During the downturn, negotiating lower rents from tenants in a renewal was very common, especially when they could site lower costing options available from other motivated landlords with vacancy. - Annah Moore, CBRE | Advisory & Transaction Services

Also consider a mid-lease renegotiation but they are a little trickier…

Renegotiating mid lease term doesn’t happen much, as there needs to be a motivating factor/incentive for landlord to lower the rent when they have a commitment from the tenant.  Cases where a landlord would consider lowering the rent mid-lease would include some upside to the landlord, most likely in the form of a longer lease term from tenant.  So if a tenant has 1-2 years left at $15/SF, it wouldn’t be unheard of for a landlord to agree to lower that to $13 or $14, likely with escalators, if the lease amendment reflected a 5+ year extension to the lease.  So the landlord is trading some existing income for greater certainty for the future. -Annah Moore, CBRE | Advisory & Transaction Services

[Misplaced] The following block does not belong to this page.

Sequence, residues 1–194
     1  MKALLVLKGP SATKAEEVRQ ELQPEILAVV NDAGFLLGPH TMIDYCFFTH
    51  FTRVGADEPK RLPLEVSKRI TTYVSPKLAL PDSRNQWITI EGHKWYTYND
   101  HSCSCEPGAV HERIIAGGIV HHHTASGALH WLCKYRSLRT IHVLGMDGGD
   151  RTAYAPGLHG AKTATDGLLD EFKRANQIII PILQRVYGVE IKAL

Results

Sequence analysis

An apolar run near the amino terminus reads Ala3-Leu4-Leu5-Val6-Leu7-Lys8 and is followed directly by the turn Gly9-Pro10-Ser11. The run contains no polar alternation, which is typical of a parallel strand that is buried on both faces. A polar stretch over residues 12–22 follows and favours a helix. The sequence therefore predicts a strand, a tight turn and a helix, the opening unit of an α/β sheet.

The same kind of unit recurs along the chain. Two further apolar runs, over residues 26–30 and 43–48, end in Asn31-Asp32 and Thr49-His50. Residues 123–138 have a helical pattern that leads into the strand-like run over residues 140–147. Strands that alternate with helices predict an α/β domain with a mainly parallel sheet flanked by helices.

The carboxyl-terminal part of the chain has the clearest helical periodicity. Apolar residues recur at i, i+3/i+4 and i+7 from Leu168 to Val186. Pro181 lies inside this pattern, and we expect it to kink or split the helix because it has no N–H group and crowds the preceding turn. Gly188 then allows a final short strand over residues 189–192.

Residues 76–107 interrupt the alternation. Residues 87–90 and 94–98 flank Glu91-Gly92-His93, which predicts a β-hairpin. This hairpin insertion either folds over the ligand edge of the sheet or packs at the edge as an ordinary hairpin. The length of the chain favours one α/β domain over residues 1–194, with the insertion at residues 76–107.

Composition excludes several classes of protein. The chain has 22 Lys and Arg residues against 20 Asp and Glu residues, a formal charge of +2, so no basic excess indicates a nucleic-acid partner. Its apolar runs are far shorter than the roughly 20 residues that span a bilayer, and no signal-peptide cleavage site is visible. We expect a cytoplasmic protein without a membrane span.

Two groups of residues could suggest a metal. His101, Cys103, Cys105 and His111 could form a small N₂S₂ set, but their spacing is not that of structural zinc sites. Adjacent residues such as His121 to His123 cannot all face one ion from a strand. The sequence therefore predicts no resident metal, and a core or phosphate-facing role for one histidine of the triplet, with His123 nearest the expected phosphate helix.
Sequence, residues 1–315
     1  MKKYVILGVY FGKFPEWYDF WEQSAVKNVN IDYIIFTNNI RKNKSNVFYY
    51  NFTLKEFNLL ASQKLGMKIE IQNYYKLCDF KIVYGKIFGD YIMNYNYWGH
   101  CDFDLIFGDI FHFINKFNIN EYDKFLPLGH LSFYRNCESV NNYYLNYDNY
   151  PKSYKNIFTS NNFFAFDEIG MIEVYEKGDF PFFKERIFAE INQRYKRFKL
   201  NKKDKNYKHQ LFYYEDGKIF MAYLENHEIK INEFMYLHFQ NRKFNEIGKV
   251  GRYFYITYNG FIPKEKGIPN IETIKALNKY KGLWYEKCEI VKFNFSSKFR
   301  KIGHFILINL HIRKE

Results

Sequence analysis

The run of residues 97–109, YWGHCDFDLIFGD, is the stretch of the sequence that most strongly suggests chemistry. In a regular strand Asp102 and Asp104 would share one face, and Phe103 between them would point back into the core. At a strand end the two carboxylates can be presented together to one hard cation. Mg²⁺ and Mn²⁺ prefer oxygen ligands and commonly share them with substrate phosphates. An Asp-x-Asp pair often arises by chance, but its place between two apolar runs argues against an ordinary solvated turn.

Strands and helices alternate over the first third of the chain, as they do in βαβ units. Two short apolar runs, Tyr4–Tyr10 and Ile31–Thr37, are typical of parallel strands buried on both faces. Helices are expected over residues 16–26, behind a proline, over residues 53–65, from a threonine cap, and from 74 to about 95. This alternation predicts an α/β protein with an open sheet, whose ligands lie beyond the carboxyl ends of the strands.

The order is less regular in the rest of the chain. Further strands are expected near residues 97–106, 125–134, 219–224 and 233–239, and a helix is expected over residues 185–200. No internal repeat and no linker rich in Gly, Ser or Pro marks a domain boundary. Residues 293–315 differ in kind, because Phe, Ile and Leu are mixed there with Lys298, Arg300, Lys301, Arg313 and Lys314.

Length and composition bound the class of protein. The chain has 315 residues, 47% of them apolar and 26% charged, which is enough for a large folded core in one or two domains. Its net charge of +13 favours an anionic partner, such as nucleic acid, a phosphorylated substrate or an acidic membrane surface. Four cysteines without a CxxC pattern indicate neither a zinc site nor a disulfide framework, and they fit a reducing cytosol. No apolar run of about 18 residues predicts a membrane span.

• Buy a building (but only at the end of the recession when prices are low)

If I were flexible enough, I’d actually kick my own ass for not buying a commercial building in 2009 when Cohere was founded and the commercial real estate sector was hurting in my town. The building we currently lease sold for $550,000 in 2010. It is currently worth upwards of $1,400,000 and if I had the guts to buy it back then my operating costs would be half what they are today.

It’s worth talking to a commercial lender NOW, while the getting is good so you’ll be well-educated if you need to make that decision later. I tried to buy our building a year ago. My offer was rejected but now I am familiar with the commercial lending process AND I know how much my family can afford should I decide to pursue it again.